Source: Peter Senge, Hal Hamilton, John Kania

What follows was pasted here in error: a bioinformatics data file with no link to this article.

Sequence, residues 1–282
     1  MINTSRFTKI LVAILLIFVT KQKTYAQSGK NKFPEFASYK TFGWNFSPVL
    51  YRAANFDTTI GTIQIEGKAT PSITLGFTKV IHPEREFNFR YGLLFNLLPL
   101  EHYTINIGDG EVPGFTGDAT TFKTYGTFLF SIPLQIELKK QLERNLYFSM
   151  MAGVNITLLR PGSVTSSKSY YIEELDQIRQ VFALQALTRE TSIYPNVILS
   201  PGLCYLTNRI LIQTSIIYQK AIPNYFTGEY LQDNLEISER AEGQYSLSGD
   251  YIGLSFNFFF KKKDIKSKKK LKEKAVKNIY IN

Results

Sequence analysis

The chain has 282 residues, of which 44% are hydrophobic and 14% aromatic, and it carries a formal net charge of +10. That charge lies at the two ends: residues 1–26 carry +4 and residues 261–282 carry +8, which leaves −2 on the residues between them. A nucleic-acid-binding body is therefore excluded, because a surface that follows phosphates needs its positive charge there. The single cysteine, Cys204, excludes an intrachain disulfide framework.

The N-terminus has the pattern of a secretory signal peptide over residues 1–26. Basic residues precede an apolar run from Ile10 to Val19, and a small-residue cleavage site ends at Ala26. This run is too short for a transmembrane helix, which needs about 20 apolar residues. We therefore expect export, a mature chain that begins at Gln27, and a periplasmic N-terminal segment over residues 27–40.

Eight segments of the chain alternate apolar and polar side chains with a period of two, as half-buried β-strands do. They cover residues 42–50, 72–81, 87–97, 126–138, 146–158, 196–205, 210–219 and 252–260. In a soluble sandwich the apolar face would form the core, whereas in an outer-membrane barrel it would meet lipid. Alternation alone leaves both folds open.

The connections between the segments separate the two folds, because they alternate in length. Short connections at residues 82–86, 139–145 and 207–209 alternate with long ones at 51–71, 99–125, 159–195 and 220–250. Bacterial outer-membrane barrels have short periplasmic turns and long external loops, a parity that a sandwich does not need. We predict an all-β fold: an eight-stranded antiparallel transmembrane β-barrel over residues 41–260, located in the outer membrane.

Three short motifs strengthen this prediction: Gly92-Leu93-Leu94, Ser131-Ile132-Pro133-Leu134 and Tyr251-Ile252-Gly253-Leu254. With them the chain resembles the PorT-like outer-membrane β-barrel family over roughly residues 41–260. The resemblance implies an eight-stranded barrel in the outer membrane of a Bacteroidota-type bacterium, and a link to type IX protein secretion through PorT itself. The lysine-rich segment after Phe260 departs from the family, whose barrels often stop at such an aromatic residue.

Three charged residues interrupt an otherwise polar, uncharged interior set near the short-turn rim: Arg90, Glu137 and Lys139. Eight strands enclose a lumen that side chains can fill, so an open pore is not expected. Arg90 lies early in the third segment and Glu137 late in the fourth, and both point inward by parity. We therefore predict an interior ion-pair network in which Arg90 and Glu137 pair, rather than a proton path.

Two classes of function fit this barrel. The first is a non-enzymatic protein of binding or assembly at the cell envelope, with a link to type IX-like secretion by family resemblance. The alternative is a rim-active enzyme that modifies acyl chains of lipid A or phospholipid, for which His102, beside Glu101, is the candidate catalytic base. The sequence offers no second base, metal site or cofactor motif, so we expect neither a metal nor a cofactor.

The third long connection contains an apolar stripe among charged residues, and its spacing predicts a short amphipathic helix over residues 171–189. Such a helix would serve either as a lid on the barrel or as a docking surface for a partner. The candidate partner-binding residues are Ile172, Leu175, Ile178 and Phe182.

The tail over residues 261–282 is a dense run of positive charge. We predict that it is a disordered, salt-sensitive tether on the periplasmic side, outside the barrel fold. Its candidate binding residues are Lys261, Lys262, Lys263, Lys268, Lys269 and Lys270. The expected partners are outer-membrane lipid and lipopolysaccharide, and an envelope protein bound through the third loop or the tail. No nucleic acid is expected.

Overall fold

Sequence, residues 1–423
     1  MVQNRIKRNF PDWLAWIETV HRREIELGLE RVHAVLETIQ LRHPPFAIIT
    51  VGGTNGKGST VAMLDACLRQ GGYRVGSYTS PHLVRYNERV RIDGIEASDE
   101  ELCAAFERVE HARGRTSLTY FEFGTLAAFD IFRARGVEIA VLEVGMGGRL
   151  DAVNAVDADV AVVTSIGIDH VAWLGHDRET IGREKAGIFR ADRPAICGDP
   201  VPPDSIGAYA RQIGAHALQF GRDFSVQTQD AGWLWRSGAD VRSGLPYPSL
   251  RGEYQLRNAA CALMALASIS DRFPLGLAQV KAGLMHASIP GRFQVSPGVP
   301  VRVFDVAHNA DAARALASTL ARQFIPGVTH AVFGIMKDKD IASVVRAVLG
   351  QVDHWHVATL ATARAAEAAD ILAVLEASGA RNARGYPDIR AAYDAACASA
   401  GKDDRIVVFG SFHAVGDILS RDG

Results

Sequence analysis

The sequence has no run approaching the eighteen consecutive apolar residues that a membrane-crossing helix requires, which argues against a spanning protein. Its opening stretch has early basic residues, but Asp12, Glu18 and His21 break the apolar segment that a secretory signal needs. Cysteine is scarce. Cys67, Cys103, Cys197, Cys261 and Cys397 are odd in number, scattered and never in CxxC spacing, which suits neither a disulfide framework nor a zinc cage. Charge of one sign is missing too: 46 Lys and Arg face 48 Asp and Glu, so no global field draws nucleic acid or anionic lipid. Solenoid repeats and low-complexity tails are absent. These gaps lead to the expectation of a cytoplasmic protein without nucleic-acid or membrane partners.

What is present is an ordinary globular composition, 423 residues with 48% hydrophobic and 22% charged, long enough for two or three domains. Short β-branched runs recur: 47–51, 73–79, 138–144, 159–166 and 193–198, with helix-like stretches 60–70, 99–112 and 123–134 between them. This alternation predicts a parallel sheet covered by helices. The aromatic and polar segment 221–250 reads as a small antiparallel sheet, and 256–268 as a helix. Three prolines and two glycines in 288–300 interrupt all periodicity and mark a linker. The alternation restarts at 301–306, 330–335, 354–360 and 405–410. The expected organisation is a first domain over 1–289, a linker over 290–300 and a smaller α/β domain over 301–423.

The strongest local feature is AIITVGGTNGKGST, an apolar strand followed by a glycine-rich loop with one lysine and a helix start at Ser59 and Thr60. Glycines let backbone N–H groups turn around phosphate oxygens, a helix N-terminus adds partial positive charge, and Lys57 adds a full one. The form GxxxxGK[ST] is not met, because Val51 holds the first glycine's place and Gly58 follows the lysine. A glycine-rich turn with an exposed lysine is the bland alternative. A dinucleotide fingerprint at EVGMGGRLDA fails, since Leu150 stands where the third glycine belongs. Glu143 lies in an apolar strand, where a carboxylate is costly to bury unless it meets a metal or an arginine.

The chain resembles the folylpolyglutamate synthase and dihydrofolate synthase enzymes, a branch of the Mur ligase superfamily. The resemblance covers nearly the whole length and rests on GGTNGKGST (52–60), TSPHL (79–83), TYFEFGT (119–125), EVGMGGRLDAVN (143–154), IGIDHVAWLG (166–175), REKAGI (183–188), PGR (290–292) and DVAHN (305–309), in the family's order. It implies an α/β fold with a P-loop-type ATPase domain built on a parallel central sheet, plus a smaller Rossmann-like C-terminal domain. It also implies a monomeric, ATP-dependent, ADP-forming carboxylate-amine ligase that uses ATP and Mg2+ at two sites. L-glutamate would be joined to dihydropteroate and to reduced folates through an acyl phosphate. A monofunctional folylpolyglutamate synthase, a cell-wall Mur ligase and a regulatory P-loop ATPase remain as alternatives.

Recommended reading for Leopold Leadership Fellows (2015 cohort)Excerpt from the article: The Dawn of System Leadership. Peter Senge, Hal Hamilton, John Kania At no time in history have we needed such system leaders more. We face a host of systemic challenges beyond the reach of existing institutions and their hierarchical authority structures. Problems like climate change, destruction of ecosystems, growing scarcity of water, youth unemployment, and embedded poverty and inequity require unprecedented collaboration among different organizations, sectors, and even countries. Sensing this need, countless collaborative initiatives have arisen in the past decade—locally, regionally, and even globally. Yet more often than not they have floundered—in part because they failed to foster collective leadership within and across the collaborating organizations. The purpose of this article is to share what we are learning about the system leaders needed to foster collective leadership. We hope to demystify what it means to be a system leader and to continue to grow as one. It is easy when we talk about exemplars like Mandela to reinforce a belief that these are special people, somehow walking on a higher plane than the rest of us. But we have had the honor to work with many “Mandelas,” and this experience has convinced us that they share core capabilities and that these can be developed. Although formal position and authority matter, we have watched people contribute as system leaders from many positions.